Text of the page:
Kroenke to try and buy rest of Rams
Missouri billionaire Stan Kroenke has decided to exercise his
matching rights and try to purchase the remaining 60 percent share
of the St. Louis Rams.
Kroenke made the announcement late Monday, the deadline for him
to make this decision.
Illinois businessman Shahid Khan reached agreement with owners
Chip Rosenbloom and his sister, Lucia Rodriguez on Feb. 11 to buy
the team, and Kroenke had 60 days to decide whether to keep his 40
percent share, sell it, or exercise his right to buy the team
The announcement that Kroenke intended to buy the team was a
“We are pleased to announce that we have exercised our right to
purchase the remaining interest in the St. Louis Rams football team
under the terms of our Partnership Agreement,” Kroenke said in a
statement. “We have enjoyed our involvement in the National
Football League since our original expansion efforts beginning in
1993 and our subsequent 15-year partnership with the Rams.
“We look forward to working with the Rosenbloom family and the
NFL. We will respect the league and its processes in our efforts to
complete this transaction,” Kroenke said.
Chip Rosenbloom, the team chairman, had little to say about the
“We and our advisors will work with the National Football
League as we move forward with the objective of completing a
transaction for the sale of our interest in the Rams,” Rosenbloom
said in a statement.
Complicating the issue is Kroenke’s ownership of the NBA’s
Denver Nuggets and the NHL’s Colorado Avalanche. NFL rules prohibit
NFL spokesman Greg Aiello declined comment, saying the matter
was between Kroenke and the current owners. There was no answer at
a phone listing for Khan, 55, president of an Urbana, Ill.-based
auto parks maker, Flex-N-Gate.
Forbes magazine has estimated the value of the Rams franchise at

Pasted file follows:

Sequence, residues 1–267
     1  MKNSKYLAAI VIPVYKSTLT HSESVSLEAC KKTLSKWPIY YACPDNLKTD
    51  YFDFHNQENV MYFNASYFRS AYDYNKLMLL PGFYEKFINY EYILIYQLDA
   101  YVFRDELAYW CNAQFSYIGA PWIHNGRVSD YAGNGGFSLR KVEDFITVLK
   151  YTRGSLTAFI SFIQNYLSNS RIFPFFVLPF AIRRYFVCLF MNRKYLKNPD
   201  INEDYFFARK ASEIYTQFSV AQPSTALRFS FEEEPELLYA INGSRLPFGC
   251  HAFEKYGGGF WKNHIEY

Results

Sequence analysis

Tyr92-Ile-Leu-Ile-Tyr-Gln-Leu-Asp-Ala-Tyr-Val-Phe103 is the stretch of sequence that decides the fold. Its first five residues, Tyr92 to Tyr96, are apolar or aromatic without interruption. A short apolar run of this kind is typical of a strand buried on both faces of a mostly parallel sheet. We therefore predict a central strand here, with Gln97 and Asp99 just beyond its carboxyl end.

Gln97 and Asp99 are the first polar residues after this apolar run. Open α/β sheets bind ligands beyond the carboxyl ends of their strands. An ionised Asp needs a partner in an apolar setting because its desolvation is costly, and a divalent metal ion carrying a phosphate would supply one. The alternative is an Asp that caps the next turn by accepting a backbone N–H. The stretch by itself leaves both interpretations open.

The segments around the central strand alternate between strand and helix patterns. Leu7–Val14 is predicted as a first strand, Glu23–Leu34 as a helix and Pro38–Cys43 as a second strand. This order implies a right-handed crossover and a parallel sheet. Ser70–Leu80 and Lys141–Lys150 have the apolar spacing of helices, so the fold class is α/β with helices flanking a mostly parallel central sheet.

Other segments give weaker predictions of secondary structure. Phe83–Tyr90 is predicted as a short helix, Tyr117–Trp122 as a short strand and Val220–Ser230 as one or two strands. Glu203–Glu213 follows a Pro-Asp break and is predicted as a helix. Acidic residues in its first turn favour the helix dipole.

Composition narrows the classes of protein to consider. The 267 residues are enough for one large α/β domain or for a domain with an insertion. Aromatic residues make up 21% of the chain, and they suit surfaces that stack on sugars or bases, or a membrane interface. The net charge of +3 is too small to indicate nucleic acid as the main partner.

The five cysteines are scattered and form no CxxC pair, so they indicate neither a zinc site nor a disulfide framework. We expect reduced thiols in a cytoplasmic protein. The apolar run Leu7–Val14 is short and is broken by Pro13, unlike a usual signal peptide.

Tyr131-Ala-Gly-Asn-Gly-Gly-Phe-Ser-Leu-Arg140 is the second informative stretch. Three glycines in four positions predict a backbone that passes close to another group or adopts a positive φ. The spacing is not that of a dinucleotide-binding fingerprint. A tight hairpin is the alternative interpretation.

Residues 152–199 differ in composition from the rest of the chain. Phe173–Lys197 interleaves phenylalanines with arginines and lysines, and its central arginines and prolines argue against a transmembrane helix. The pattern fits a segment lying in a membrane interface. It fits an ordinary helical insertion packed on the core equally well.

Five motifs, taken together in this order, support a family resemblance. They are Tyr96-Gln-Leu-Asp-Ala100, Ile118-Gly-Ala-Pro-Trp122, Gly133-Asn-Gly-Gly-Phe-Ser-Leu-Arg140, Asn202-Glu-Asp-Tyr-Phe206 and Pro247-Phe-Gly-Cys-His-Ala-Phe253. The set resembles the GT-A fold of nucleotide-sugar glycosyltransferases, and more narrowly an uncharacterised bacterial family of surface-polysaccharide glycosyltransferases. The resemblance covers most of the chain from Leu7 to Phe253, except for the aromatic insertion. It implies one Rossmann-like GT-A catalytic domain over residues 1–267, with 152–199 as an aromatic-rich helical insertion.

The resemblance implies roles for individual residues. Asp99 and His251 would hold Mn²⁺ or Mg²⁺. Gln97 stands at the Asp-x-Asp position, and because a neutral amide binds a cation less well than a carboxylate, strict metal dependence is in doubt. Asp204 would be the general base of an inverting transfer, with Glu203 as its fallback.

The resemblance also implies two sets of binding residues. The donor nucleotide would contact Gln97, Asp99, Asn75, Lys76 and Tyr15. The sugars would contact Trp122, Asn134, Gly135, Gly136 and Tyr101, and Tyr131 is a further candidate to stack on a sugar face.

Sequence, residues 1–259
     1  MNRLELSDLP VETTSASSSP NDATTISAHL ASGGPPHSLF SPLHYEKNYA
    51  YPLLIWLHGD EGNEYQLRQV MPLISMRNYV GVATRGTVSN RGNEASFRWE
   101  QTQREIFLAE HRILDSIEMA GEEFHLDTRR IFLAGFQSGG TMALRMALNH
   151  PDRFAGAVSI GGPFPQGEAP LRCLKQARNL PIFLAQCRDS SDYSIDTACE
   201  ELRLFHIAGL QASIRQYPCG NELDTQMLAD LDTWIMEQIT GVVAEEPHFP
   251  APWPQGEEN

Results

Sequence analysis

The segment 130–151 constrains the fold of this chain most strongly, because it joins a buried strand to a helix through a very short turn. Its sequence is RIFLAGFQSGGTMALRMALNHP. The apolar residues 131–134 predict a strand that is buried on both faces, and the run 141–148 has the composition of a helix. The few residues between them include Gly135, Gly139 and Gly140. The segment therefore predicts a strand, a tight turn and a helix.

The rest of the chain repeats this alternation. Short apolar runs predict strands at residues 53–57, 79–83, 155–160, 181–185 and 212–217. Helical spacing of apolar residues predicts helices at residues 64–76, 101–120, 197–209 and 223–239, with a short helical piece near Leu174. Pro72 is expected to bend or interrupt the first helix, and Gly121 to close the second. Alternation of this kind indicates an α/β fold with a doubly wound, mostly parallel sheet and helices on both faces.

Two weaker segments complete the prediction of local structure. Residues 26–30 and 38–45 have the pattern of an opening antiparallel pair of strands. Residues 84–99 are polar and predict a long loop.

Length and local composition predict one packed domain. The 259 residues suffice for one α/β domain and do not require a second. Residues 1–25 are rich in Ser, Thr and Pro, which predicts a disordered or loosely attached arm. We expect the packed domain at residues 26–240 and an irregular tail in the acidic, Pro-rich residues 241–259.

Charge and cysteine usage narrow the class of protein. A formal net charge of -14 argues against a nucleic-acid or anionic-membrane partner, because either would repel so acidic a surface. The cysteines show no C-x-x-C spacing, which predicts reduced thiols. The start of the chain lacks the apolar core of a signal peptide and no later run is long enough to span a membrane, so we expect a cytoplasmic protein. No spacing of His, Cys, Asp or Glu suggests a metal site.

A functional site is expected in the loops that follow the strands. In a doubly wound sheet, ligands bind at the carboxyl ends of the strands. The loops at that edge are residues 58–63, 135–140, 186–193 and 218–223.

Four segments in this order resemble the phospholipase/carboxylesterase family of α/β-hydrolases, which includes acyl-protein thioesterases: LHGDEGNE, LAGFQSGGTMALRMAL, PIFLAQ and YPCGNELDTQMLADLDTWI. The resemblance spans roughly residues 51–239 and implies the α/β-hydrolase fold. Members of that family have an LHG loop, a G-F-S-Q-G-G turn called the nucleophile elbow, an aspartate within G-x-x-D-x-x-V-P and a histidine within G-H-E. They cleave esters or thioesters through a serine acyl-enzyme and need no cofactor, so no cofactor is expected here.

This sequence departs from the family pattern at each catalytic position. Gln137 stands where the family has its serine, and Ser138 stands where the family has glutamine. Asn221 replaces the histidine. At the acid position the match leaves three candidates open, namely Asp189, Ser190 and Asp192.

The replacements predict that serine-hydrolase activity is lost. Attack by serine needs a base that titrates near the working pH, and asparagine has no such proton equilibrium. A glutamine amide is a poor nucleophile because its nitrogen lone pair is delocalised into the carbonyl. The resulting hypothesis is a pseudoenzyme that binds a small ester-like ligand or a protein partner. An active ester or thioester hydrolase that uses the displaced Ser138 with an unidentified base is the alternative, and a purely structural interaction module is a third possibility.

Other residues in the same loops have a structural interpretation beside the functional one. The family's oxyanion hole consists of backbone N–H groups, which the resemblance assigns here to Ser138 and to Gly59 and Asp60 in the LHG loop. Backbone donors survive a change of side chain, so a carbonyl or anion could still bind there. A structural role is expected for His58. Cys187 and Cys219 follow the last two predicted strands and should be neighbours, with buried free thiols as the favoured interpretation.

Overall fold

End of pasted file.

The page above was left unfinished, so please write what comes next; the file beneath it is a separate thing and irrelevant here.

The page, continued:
$913 million. The exact amount of Khan’s bid was not announced, but
was believed to be closer to $750 million. Kroenke’s statement did
not say what his offer for the team will be.
Kroenke, 62, has been 40 percent owner of the Rams since Georgia
Frontiere brought the team to St. Louis from Los Angeles in 1995.
Frontiere died in January 2008 and her children inherited the
The sale was expected almost from the moment Frontiere died. Her
children have other interests and no ties to St. Louis.
The Rams have struggled on the field for years – they’re 6-42
over the past three seasons, and their 1-15 record in 2009 was the
worst in the NFL. After years of sellouts, crowds at the Edward
Jones Dome have thinned as the play has worsened.
An ambivalent fan base, combined with the desire for a team in
Los Angeles and other markets, led to speculation about the future
of the Rams in St. Louis. That was especially concerning for a city
that lost the Cardinals to Arizona after the 1987 season.
But Kroenke’s desire to become sole owner would seem to make a
move less likely.
Kroenke, of Columbia in mid-Missouri, made his fortune in real
estate development. His wife, Anne, is a Wal-Mart heir.
A group headed by St. Louis Blues owner Dave Checketts was also
interested in buying the Rams. Conservative radio talk show host
Rush Limbaugh was initially part of the Checketts group but was
dropped in October after negative publicity about his
A loophole in the Rams’ lease allows them to move after the 2014
season if the Edward Jones Dome is not deemed among the top quarter
of all NFL stadiums by various measurements. The dome is fast
becoming one of the league’s older venues, and getting it into the
top quarter seems unlikely.
The city’s convention commission spent $30 million upgrading the
facility before last season, installing new scoreboards and video
boards and upgrading club seating. Next season they’re due for a
new grass field that can be stored and used in subsequent seasons,
a major upgrade.
AP Sports Writer R.B. Fallstrom contributed to this report.